Six more pods on the way to Batlow

More Minderoo pods are slated to arrive in Batlow to help fire-impacted residents.

David Jones says he’s living in the lap of luxury at the Batlow Caravan Park after he was moved out of a temporary rental into one of the new caravan park units reserved for bushfire victims. He’s also the only one there.
“It’s nice down here, it’s really nice,” he said on Tuesday afternoon, making plans to cook a pork belly with baked potatoes and apple crumble as Batlow temperatures stayed firmly in the single digits.
“It would have been nice to be here earlier, save stuffing around with the housing commission house, but everything is great. No one else is down here.”
Mr Jones is still waiting for a Minderoo Recovery Pod to arrive, which will enable him to live back on his Mines Road property. At the moment, he travels to his property to tend to the chooks and then comes home again to get warm.
“It’s nice to be down here, but I’d like to be home,” he said. “That’s why it’s called Mines Road. Because it’s mine.
“The pod is just going to be a godsend.”
Recovery NSW, the agency overseeing the delivering of the pods, told The Times that six pods have been approved for allocation in the Snowy Valleys, including one of the larger family-sized pods. Site inspections have been conducted and the pods are currently being manufactured with additional insulation, specifically for the cooler weather in the Snowy Valleys.
The pods are expected to be delivered to the area in the next four weeks, “subject to weather conditions and receipt of the orders required for pod completion.”
Given how popular the program has been, with 59 pods delivered as of June 23 and another 41 ready to go, the NSW Government and Salvation Army have also signed a new agreement to expand the program, with both entities each committing $1.5 million, bringing the total funding for the program to $8 million.
The new funding agreement will “supercharge the program to roll out another 60 to 70 temporary accommodation pods,” according to Deputy Premier and Minister responsible for Disaster Recovery John Barilaro.
“I have met with many families who have already received a pod and I have seen firsthand how much this means to them.”
The Salvation Army’s Secretary for Mission, Lyn Edge (Lieut. Colonel), says the Salvos assisted more than 8,000 NSW households during the bushfire response.
“We are providing ongoing support for thousands including the residents of 2,475 houses destroyed. We know those who lost their homes will face a particularly hard road to recovery and that having the stability of a Recovery Pod will make the journey more manageable,” Ms Edge said.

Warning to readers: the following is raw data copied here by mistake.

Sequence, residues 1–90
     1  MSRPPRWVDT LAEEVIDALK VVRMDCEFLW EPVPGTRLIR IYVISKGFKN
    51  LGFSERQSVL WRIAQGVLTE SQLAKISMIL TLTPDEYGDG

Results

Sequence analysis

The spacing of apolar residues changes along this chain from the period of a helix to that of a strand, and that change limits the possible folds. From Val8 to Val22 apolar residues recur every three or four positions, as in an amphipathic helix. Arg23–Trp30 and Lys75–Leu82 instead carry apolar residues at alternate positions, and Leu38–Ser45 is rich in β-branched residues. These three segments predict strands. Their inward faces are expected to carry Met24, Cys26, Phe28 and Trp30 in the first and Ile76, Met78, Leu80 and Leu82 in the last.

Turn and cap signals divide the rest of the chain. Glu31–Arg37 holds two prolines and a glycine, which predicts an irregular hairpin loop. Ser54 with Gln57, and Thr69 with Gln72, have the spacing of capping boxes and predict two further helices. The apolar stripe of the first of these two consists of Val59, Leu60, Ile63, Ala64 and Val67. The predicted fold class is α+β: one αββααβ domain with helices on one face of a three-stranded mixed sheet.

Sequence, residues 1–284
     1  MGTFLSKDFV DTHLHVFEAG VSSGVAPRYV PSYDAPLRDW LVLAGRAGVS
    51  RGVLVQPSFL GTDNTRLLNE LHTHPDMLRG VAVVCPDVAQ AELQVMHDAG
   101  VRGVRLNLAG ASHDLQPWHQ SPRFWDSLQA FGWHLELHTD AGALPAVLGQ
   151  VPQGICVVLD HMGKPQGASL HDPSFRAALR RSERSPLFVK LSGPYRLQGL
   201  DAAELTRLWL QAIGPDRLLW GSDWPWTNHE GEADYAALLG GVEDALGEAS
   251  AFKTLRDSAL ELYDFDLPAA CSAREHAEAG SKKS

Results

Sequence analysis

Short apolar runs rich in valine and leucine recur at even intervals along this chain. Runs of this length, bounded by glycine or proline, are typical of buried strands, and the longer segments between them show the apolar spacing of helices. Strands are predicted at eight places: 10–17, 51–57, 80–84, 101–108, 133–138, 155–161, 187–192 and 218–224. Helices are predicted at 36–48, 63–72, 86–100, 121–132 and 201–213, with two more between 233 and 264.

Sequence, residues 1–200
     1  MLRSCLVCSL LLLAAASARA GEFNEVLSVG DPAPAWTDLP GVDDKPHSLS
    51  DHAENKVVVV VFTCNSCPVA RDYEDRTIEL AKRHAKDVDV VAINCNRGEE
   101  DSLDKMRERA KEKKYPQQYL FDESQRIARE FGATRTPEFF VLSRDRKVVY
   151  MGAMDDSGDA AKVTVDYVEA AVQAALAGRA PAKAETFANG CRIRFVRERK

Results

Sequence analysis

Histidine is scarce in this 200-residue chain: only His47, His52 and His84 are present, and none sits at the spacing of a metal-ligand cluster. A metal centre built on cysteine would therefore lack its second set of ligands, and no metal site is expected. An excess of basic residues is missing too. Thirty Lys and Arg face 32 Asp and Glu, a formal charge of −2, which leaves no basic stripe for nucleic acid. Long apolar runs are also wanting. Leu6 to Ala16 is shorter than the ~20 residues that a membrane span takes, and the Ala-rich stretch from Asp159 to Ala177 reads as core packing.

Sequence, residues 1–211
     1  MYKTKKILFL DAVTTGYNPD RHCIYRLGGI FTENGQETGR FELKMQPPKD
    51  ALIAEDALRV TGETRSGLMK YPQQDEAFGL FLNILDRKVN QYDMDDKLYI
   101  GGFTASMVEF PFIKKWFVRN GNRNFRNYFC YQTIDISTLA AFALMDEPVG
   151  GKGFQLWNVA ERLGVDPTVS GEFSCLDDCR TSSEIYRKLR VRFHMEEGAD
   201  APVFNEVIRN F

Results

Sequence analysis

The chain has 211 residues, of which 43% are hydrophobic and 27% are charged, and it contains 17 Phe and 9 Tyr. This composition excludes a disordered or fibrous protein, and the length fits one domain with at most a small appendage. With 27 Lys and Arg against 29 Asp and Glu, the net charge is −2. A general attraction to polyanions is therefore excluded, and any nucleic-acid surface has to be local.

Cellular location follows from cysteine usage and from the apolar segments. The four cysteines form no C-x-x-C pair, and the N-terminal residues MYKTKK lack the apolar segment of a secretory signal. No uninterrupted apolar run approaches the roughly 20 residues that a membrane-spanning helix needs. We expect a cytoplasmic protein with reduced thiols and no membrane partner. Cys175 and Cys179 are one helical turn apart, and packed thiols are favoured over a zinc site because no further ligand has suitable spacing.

Minderoo Foundation Chairman Dr Andrew Forrest AO said he was excited to be part of creating a new solution for fire victims.
“When our Fire Fund team visited impacted communities across northern and southern NSW shortly after the fires, many people on the ground told us their number one priority was to be able to stay on their land while they rebuilt. This message drove the innovative thinking that led us to the design of the Minderoo recovery pods,” Dr Forrest said.
Mr Jones said it was likely that more families in Batlow would like to have their own pod or even be transferred into the Batlow Caravan Park.
“There’s a lot of people around the place, I’m sure. I’m just happy to be here myself. But there’s other people around that are in houses they don’t want to be in,” he said.
The caravan park is charging Mr Jones $165 a week, which he said he’s happy to pay.
“I was paying $30 every four days for gas just to keep one room warm at the other place,” he said. “It was freezing cold and horrible.”
Mr Jones said being at the caravan park also feels nostalgic, reminding him of when he first arrived in the town in the 1980’s.
“It’s great because this is where I started 40 years ago,” he said.
“I’m just going to go from strength to strength.”
While Mr Jones is pleased to have the park to himself, he also expressed concern.
“The caravan park, it’s an enterprise. They should have it full of people,” he said. “There’s been people driving in and out with camper trailers looking for accomodation. I’ve had people stop and ask me if it’s open and I just tell them to ring up the council. I haven’t got any other idea what’s going on.
“This place would be full of people if they actually opened the gate.”